WORLD WAR ONE CENTENARY
TISBURY AND THE GREAT WAR
Throughout August the meat-grinding on the Somme continued with fruitless
assault following repulsed attack. On the minor fronts there was better
news with Britain making big advances in German East Africa. On the
home front Seaham was bombarded by a U-boat while the tragedy of the
Irish Easter Rising drew towards its close with the execution of Sir
Roger Casement. The end of the month saw Italy and Rumania declaring
war against Austria-Hungary and Germany, a move which the latter reciprocated.
Disquiet in Germany about how the war was being conducted was signified
by the appointment of Field Marshal von Hindenberg to succeed von Falkenhayn
as Chief of the General staff and Ludendorff being appointed as Quartermaster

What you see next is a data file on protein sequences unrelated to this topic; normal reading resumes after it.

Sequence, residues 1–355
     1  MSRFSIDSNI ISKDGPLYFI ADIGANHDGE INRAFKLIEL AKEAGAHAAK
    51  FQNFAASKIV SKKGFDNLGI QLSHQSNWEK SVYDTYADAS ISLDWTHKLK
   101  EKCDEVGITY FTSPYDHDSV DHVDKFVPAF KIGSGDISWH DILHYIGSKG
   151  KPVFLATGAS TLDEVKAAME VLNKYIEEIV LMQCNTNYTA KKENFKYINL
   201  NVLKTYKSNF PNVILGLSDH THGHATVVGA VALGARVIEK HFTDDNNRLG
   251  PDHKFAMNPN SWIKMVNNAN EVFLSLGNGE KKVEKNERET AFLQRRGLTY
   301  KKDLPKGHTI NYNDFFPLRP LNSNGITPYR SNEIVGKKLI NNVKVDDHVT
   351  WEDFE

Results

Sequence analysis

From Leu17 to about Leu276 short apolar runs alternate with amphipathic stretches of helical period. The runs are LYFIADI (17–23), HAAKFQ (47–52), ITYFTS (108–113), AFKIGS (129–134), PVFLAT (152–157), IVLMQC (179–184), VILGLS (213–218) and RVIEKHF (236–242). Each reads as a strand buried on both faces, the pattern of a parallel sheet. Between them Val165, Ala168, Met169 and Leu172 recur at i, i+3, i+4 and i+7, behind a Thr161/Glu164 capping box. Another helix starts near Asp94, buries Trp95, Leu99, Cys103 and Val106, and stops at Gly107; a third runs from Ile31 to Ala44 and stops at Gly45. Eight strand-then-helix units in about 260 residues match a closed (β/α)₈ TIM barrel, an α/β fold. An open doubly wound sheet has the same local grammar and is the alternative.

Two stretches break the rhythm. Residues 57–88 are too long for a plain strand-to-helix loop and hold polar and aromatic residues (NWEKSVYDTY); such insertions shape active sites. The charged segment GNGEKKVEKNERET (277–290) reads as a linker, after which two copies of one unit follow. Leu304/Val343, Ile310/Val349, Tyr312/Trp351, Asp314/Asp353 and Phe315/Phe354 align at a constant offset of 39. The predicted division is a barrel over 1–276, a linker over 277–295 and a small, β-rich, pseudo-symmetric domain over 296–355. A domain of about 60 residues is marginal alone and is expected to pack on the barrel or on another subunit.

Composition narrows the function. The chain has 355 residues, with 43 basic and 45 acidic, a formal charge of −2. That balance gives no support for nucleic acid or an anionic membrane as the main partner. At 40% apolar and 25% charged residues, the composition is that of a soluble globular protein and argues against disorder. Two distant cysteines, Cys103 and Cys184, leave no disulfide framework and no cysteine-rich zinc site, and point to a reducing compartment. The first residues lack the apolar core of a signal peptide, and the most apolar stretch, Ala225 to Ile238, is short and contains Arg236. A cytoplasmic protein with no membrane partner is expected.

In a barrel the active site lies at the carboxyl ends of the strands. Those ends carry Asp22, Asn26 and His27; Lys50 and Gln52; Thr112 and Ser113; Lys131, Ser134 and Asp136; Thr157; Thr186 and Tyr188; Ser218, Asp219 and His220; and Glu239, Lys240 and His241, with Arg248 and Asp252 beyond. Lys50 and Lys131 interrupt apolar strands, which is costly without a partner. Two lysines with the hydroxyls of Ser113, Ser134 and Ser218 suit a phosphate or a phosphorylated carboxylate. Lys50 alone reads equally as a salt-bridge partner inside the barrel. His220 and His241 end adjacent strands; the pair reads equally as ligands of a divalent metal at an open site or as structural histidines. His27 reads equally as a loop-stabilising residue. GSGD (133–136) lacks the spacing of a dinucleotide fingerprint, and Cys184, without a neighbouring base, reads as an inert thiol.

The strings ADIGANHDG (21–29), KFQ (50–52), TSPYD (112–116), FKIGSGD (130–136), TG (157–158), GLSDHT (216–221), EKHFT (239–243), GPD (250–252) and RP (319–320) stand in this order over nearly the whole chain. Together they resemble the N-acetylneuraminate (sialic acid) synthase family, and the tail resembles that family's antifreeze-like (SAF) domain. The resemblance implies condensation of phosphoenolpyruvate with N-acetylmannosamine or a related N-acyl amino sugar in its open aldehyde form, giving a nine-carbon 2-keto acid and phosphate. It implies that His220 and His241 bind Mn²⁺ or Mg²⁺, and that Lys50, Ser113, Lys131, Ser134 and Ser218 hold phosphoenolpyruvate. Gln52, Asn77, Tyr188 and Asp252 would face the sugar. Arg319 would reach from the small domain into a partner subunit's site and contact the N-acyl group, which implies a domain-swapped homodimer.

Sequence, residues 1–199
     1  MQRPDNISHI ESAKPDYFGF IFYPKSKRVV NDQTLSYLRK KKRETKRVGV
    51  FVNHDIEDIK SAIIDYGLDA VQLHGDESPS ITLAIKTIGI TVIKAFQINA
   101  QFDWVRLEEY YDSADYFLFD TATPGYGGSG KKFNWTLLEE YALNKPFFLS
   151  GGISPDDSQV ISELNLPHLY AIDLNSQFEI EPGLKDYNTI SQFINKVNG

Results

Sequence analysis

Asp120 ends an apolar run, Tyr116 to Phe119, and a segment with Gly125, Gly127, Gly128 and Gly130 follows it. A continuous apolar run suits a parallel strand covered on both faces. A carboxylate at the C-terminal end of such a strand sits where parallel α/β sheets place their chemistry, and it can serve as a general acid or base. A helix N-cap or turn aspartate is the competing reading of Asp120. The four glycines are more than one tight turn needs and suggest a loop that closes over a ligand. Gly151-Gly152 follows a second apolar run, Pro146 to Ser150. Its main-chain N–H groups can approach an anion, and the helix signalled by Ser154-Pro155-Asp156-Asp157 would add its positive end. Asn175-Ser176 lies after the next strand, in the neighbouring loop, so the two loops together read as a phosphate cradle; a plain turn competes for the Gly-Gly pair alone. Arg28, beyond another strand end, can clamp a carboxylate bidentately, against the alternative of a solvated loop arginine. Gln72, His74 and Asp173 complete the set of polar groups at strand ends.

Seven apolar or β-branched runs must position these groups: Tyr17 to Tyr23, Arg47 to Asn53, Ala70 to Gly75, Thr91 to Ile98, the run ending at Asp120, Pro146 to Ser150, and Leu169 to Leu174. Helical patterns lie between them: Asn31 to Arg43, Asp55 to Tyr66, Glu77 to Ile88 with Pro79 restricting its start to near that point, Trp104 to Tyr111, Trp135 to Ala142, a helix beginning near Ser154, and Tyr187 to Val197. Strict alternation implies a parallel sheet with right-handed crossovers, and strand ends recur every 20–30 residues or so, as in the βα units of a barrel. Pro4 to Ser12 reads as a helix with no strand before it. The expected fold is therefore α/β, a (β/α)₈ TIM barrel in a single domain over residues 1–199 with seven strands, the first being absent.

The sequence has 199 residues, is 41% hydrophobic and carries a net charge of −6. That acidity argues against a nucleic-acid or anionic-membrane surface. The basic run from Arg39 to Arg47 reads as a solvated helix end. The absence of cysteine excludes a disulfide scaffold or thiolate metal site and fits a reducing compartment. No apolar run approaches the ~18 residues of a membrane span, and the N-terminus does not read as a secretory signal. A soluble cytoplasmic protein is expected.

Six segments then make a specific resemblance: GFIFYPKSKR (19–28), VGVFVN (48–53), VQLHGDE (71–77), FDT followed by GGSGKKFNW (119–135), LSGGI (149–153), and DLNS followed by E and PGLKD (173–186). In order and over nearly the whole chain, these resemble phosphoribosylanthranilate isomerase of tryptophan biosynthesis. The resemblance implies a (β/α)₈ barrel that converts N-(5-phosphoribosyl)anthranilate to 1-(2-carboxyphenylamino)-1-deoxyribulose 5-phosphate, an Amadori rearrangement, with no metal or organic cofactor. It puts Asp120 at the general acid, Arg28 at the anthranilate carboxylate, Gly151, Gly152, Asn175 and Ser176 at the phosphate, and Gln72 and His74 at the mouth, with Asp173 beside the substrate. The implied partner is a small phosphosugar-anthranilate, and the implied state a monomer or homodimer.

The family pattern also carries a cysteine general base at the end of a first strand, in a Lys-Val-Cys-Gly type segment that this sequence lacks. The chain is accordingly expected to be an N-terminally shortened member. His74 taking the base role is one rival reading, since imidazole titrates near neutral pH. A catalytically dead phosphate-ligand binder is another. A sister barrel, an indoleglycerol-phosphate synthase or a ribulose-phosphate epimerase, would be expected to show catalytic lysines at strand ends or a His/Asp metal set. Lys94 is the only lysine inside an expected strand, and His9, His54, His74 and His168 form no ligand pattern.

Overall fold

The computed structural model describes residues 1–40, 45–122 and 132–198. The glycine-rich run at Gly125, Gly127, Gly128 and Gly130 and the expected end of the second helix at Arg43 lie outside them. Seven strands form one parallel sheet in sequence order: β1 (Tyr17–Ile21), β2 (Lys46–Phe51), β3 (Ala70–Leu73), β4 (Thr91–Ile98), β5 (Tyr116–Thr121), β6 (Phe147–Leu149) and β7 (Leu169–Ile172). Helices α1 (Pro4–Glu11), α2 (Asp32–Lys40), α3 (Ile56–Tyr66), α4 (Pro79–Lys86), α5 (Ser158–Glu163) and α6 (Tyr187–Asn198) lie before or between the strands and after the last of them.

General. The French resistance to the German assault of Verdun with
its failed aim of 'bleeding France white' undoubtedly contributed to
this change of leadership and on 31 August France declared that particular
costly battle to be over.
POEM FOR AUGUST
Many recent radio and television programmes have recounted how many war poets were present at the Somme. As a reminder that there were poets in conflict elsewhere this poem is by a naval airman.
The Dawn Patrol by Paul Bewsher
Sometimes I fly at dawn above the sea,
Then do I feel with God quite, quite alone,
|© Tisbury History Society|